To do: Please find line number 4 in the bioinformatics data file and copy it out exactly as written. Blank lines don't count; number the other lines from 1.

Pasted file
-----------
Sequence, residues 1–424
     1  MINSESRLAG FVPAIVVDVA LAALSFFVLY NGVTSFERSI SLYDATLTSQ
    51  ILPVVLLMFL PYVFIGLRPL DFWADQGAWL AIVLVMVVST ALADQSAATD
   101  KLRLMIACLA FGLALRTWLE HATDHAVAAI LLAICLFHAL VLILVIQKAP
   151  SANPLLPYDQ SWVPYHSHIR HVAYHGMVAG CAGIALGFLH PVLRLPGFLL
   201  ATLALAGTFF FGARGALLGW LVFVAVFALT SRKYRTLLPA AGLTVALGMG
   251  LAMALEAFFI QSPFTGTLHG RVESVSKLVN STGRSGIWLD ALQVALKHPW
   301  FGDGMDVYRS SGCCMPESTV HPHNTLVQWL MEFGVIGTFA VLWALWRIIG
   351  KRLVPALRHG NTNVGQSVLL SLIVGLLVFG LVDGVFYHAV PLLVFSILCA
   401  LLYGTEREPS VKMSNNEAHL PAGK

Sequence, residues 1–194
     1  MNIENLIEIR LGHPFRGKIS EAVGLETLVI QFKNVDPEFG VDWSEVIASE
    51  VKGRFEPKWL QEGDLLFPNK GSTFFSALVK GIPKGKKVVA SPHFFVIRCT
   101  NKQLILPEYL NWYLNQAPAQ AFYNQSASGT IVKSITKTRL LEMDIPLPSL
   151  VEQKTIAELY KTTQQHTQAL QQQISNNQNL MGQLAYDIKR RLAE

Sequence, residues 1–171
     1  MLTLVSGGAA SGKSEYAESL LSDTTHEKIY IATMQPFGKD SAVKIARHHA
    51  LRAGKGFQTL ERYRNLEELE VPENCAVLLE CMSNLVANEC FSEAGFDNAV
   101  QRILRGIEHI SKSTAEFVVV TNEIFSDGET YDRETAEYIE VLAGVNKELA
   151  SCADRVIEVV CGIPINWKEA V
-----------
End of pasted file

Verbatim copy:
   101  KLRLMIACLA FGLALRTWLE HATDHAVAAI LLAICLFHAL VLILVIQKAP